|THE ROBINSON LIBRARY|
|The Robinson Library > Religion and Mythology > Christian Denominations > Catholic Church > History|
the Pope (1513-1521) responsible for sparking the Protestant Reformation
Giovanni de Medici was born in Florence on December 11, 1475, the second son of Lorenzo the Magnificent and Clarice Orsini. Destined for the Church from an early age, he received tonsure in 1482, was made Abbot of Font Douce (in the French Diocese of Saintes) and appointed Apostolic Prothonotary by Pope Sixtus IV in 1483, and became possessed of the Abbey of Passignano in 1484, and of Monte Cassino in 1486. He was created Cardinal by Pope Innocent VIII in 1489, on condition that he dispense with the insignia and privileges of his office for three years. After studying theology and canon law at Pisa, he was invested with the insignia of Cardinal on March 9, 1492, and entered Rome on March 22.
Giovanni's time in Rome was short-lived, however, as his father died on April 8 and he was recalled to Florence. Aside from participating in the conclave following the death of Innocent VIII in July, where he opposed the election of Cardinal Borgia, Giovanni remained in Florence until his family's expulsion in November of 1494. He spent the next several years trying to restore the supremacy of his family, while leading the life of a literary and artistic amateur in Germany, the Netherlands, and France. He became Legate in Bologna and Romagna on October 1, 1511. In 1512, the Spanish and Papal army with which he was traveling was defeated at Ravenna by the French; he was taken prisoner, but managed to escape. The supremacy of the Medici family in Florence was finally re-established on September 14, 1512, by means of a bloodless revolution.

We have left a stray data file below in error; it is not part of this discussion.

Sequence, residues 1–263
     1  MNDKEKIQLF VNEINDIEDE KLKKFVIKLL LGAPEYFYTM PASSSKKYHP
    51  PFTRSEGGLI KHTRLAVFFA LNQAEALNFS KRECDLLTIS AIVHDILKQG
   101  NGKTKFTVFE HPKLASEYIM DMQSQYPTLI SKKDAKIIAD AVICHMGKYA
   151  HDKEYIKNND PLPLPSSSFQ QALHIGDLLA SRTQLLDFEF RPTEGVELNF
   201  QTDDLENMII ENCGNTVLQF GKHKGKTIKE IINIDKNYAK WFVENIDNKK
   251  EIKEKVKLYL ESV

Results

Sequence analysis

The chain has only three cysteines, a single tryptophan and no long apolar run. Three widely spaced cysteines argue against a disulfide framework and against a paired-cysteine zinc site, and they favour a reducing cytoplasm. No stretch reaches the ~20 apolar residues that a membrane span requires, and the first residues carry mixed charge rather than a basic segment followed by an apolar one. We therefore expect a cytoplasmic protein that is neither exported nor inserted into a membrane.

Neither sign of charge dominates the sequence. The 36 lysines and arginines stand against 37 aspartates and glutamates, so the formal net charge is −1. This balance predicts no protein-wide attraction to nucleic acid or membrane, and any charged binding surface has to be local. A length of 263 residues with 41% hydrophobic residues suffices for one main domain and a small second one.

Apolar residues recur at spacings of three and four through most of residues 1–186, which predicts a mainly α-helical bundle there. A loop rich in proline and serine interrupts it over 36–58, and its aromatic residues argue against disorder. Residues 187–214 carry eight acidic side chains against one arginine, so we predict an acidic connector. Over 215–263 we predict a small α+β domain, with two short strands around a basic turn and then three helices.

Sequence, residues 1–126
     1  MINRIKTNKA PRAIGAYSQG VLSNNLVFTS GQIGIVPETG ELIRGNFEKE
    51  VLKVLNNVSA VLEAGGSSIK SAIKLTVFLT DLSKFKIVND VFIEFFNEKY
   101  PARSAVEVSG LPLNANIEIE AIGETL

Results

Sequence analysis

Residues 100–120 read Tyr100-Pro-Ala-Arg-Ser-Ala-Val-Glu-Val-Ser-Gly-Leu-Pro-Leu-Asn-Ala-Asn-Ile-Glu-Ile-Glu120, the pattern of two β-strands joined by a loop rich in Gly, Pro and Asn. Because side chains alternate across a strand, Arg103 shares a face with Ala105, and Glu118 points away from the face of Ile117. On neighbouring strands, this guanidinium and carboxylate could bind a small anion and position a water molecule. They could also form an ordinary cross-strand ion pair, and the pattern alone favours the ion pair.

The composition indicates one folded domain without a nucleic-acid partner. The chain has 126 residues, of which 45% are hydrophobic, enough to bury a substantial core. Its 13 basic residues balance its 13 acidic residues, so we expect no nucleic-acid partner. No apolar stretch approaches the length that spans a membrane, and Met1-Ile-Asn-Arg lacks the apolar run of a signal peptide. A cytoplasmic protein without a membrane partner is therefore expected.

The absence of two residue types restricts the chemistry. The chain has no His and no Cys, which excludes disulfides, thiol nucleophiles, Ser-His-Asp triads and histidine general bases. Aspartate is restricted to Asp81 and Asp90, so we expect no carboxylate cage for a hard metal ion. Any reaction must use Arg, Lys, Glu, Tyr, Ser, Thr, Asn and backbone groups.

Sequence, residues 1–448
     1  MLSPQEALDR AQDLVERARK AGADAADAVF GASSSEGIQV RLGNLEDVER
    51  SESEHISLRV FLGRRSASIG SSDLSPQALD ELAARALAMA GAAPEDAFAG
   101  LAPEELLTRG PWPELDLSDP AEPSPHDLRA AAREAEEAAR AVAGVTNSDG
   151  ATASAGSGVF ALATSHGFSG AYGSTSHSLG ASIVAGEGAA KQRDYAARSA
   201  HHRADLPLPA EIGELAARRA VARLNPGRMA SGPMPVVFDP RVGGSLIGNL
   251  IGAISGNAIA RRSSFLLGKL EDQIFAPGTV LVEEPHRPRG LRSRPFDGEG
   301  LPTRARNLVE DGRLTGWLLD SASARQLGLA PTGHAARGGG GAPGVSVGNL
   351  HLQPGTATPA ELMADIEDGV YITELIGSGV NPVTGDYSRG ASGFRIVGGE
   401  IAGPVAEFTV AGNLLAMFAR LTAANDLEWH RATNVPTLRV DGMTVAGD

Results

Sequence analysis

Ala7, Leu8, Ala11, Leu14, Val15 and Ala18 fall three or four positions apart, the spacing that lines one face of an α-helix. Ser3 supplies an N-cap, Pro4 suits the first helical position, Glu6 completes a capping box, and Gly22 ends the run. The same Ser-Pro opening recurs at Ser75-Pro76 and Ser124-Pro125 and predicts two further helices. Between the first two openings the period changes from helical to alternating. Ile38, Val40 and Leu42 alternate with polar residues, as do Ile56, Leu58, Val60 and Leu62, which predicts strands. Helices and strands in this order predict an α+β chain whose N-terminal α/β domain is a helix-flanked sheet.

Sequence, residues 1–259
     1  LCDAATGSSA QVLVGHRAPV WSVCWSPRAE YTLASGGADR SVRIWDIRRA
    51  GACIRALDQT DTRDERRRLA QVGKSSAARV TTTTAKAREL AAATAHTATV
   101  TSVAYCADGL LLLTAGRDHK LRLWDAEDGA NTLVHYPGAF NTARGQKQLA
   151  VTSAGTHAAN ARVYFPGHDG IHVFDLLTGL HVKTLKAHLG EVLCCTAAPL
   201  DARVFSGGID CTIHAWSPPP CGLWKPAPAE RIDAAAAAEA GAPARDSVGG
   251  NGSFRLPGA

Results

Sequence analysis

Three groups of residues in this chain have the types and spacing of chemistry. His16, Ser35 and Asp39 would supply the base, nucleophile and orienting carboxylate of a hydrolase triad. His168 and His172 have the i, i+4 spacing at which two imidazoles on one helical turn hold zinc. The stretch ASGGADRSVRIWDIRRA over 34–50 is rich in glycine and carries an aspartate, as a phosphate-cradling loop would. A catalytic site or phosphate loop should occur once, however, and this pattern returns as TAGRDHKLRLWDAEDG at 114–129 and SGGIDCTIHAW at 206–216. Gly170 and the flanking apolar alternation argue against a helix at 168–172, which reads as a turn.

Giovanni de Medici was elected Pope on March 11, 1513. The last non-Bishop to become Pope, he was ordained into the priesthood on March 15, consecrated Bishop on March 17, and enthroned as Pope Leo X on March 19.
Pope Leo's papal reign was marked by wars with France, which were finally ended with the conclusion of the Lateran Council that had begun under Pope Julius II, on March 16, 1517. That Council also ended the Pisan schism, ratified the censorship of books introduced by Pope Alexander VI, and imposed tithes for a war against the Turks.
Leo's reign was also known for its lavish works of charity, and for his extravagant building and beautification projects within the Vatican. His spending left the Vatican's coffers empty by the spring of 1515, and led him to institute a variety of questionable practices in order to rebuild the Vatican's treasury. Among those practices was the selling of papal offices and the imposition of "donations" in exchange for forgiveness. These acts led Martin Luther to post his "95 Theses" criticizing the church. In 1520, Pope Leo issued the papal bull Exsurge Domine, demanding that Luther retract 41 of his theses. When Luther refused to back down, Pope Leo excommunicated him, touching off what is now known as the Protestant Reformation.
Pope Leo X died in Rome on December 1, 1521.
Library > Religion
and Mythology > Christian
Denominations > Catholic Church > History
This page was last updated on June 15, 2017.